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Re: Generating the input-parser with flex

From: Bruno Haible
Subject: Re: Generating the input-parser with flex
Date: Sat, 22 Jan 2022 14:12:38 +0100

Hi Viktor,

> I started writing a flex-file for
> the task and managed to get it quite functional with only ~100 lines of 
> code

This is an interesting simplification. Flex being generally accepted as
a build tool in GNU, I don't see an a-priori problem with this approach.

> I looked into the gperf input-parser and found it quite excessive to 
> have over
> 1000 lines of code to parse only 24 variables.

Hmm. The lines 46..227 of input.cc smell like they can be replaced by
Flex code. But what about the rest of input.cc?

> So I started writing a 
> flex-file for
> the task and managed to get it quite functional with only ~100 lines of 
> code

The two things to watch out for, while making this change, are:
  * Preserve the "loose parsing" principle. The gperf input allows sections
    of unspecified form in several places. It would not be good to
    replace it with a "strict parser" that allows only specific syntaxes
    in these sections.
  * Quality of error diagnostics: We should preserve the quality of the
    diagnostics, or make it better. I have a certain feeling that it
    might well be possible to obtain better diagnostics with a Flex-
    based approach, but it will be code. Not contained in the ~100 lines
    that you have so far.

> Flex uses regular expressions everywhere, so it was quite easy, to even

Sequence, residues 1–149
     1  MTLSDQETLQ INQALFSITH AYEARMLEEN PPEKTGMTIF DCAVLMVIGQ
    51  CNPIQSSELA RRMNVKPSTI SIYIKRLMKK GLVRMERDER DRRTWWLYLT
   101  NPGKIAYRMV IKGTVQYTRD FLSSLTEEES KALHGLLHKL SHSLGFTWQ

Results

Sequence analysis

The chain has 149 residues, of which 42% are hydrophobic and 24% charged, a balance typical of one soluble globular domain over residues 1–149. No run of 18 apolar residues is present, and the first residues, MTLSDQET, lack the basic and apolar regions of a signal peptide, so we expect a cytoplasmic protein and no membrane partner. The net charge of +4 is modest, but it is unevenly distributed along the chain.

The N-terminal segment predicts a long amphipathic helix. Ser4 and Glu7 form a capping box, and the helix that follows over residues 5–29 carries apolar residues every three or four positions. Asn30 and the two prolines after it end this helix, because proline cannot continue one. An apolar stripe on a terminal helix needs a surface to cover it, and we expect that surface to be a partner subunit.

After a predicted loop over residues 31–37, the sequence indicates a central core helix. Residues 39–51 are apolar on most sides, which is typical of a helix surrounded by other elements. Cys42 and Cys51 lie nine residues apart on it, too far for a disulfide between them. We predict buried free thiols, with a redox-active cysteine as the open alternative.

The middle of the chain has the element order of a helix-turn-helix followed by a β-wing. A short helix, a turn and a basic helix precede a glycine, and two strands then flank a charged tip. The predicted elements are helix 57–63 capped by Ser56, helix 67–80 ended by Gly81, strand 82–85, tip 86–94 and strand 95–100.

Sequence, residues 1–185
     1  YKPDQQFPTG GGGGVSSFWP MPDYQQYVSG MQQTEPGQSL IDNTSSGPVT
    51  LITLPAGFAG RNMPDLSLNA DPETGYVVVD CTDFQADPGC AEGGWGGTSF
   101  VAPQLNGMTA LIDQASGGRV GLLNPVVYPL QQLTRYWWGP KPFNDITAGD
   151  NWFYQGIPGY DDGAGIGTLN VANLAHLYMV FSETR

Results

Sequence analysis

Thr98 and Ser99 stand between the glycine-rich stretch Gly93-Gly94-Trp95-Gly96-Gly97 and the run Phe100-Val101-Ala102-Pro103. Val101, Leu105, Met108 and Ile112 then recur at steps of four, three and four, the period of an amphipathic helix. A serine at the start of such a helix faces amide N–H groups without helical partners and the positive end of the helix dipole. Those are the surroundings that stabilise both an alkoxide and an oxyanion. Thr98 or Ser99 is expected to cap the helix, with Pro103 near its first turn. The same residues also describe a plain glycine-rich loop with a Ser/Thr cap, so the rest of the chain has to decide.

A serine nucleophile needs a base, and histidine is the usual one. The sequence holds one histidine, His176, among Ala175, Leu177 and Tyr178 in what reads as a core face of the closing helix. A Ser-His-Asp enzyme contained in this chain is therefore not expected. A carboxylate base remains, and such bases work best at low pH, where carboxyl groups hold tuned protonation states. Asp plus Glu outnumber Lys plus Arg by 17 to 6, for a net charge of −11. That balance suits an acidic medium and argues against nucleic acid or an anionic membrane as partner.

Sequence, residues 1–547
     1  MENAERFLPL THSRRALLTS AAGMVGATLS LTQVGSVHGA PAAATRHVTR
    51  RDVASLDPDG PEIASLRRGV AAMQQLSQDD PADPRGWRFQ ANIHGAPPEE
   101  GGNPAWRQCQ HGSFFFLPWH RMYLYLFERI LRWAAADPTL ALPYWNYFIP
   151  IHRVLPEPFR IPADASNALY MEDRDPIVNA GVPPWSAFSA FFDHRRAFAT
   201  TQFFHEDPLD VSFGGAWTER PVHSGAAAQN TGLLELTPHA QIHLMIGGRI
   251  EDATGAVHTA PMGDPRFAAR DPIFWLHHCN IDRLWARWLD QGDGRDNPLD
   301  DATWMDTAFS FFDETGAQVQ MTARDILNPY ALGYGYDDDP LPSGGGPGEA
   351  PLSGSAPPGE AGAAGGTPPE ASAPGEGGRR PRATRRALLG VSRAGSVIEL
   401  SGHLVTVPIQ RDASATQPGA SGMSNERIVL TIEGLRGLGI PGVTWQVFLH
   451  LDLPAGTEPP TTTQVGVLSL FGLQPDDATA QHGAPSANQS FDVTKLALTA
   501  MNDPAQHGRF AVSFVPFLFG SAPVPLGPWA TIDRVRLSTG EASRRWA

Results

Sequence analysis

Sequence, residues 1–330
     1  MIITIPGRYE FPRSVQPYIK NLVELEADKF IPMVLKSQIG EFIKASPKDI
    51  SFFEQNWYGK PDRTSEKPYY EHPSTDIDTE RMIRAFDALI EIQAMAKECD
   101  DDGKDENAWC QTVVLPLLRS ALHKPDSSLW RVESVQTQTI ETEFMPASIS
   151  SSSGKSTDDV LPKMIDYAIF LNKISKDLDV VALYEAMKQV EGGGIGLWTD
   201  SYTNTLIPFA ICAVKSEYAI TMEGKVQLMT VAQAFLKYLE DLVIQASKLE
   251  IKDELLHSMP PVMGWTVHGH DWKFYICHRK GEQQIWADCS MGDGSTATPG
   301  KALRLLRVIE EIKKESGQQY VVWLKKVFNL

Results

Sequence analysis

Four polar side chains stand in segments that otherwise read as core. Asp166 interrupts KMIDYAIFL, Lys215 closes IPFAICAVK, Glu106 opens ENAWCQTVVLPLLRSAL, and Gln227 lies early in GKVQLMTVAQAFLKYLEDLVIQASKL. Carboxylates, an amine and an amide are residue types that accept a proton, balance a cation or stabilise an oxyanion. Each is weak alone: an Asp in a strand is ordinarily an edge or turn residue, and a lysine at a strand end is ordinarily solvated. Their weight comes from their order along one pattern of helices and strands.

> enforce
> certain patterns for the variables. For example the hash-function-name can
> only be set to something that matches [a-zA-Z_][a-zA-Z0-9_]* (the 
> pattern for
> C/C++ identifiers. So something that isn't a valid function-name will be 
> caught
> already before it gets to the compiler and causes errors there.

This is actually NOT desired. You see that currently the
is_define_declaration parser allows the hash-function-name to be just
any word. It may contain non-ASCII characters (which are allowed in
C++ identifiers). What we want is
  - that when a new C or C++ standard comes out, with updated details
    on identifier synax, we don't need to adjust the gperf source code,
  - that people can generate C code and then transform it to D or Rust
    or JavaScript or whatever, with just a 'sed' script.
You kill these abilities when checking the hash-function-name in a
strict way.

> I haven't tested the speed

Speed is not relevant here. The vast majority of the computation time
of gperf is spent in search.cc.

> I also wrote a less strict parser in another flex file. This one allows 
> multiple syntaxes
> for the same functionality. For example you can use %FOO = BAR or %FOO BAR
> or %define FOO BAR or %define FOO = BAR interchangeably.

This is not a useful feature. In general, a programming tool's input should
have *one* preferred syntax, so that developers can use 'grep' with simple
patterns to find what they are looking for, and so that editors can offer
a syntax highlighting with less code.

For example, in Common Lisp, there are several ways to write an assignment:
  (setq variable value)
  (setf variable value)
  (SETF variable value)
  (setF variable value)
This is a misfeature, not a feature. It would be better if there was only
one way.

Likewise, last time I counted, there were 12 ways to define a function
or function pointer in C++. Which is way too much complexity.


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